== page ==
Well, sure, reform conservatives aren’t going to satisfy liberals on policy. And, as I’ve said, for people outside the party, the problem with the Republican Party isn’t that it’s too conservative. Rather, it's the party's refusal to accept the normal compromises of U.S. politics; resistance to evidence from outside the conservative information feedback loop, and a “post-policy” indifference to basic policy-formation. In short, the problem isn’t that they’re conservatives. It’s that they are dysfunctional radicals.
So, for those outside the Republican Party, what's at stake is whether reform conservatives have a reasonable chance to fix what’s broken. Liberals shouldn’t expect to agree with the reformers, or to find their policies appealing. But they should expect the other party to have real policy preferences, and something resembling policy proposals, and for them to abide by the basic norms of the political system.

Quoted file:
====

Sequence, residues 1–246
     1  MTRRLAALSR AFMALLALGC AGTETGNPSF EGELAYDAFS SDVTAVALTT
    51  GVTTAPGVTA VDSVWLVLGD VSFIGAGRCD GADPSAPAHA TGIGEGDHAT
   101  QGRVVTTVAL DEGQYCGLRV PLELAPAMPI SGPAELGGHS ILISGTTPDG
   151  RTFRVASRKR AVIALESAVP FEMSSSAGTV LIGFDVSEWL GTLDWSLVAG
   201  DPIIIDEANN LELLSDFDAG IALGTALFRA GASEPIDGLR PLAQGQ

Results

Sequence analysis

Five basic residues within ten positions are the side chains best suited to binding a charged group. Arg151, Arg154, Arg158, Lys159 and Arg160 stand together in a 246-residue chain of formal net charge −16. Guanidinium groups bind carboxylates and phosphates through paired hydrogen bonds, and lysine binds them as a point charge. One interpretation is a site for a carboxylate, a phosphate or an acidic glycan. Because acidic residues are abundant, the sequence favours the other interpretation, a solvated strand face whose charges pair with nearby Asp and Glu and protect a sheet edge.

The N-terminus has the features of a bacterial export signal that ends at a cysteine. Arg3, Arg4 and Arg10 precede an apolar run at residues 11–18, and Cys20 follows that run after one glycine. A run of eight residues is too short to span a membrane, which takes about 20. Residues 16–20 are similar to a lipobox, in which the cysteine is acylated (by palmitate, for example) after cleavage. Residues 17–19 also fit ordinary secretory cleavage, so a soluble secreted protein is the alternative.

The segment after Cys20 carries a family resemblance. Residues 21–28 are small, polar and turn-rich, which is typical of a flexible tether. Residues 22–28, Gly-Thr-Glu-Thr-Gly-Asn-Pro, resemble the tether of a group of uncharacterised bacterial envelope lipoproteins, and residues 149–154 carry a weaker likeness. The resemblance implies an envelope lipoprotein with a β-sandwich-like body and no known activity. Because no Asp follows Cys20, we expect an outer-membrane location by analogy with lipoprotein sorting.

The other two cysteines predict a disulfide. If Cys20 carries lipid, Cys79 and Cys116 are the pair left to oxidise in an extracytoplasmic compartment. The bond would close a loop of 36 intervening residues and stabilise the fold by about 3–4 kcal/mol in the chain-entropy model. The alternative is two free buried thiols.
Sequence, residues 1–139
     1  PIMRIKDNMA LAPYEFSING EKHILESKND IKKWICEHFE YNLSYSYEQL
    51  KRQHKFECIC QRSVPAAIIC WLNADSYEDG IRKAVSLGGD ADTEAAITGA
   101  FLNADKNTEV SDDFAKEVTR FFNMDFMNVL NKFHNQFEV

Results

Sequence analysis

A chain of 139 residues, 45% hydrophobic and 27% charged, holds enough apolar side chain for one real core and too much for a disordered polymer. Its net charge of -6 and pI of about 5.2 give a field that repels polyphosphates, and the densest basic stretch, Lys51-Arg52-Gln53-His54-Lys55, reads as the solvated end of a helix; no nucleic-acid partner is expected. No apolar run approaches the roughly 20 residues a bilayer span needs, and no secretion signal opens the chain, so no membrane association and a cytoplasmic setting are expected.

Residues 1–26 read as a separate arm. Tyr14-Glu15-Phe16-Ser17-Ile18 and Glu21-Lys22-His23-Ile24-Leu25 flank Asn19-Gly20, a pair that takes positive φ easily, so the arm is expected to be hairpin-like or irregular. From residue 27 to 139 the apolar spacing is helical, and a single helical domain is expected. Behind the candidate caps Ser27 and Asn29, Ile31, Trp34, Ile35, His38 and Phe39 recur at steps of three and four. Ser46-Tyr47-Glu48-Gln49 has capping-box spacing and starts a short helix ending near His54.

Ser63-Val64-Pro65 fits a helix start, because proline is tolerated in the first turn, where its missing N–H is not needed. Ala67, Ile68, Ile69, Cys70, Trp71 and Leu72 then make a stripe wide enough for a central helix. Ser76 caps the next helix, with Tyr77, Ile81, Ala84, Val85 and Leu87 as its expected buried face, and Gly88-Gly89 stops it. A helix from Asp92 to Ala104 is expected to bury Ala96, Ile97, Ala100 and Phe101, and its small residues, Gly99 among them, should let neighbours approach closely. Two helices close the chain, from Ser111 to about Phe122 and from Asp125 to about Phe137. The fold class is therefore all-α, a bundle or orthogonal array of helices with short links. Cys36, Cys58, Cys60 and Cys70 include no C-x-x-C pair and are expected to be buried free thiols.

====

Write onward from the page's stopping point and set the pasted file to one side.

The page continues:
By those standards, reform conservatives deserve an incomplete grade, but one that is more positive than negative. My sense is that most of the reformers opposed the October government shutdown, for example, and were willing to call out Senator Ted Cruz and the other radicals. They seem to be developing policy that’s designed for governing, as opposed to designing proposals that'll make a quick score in the conservative marketplace. Many of them engage with those outside the conservative information loop. That's all to the good.
Whether that will push the rest of the Republican Party to change is harder to guess. Even if some of the reformers' policy ideas wind up in the 2016 platform, it’ won't matter if the party remains terrified of its radical fringe. But that’s not the fault of the reformers.
To contact the writer of this article: Jonathan Bernstein at Jbernstein62@bloomberg.net.
To contact the editor responsible for this article: Max Berley at firstname.lastname@example.org.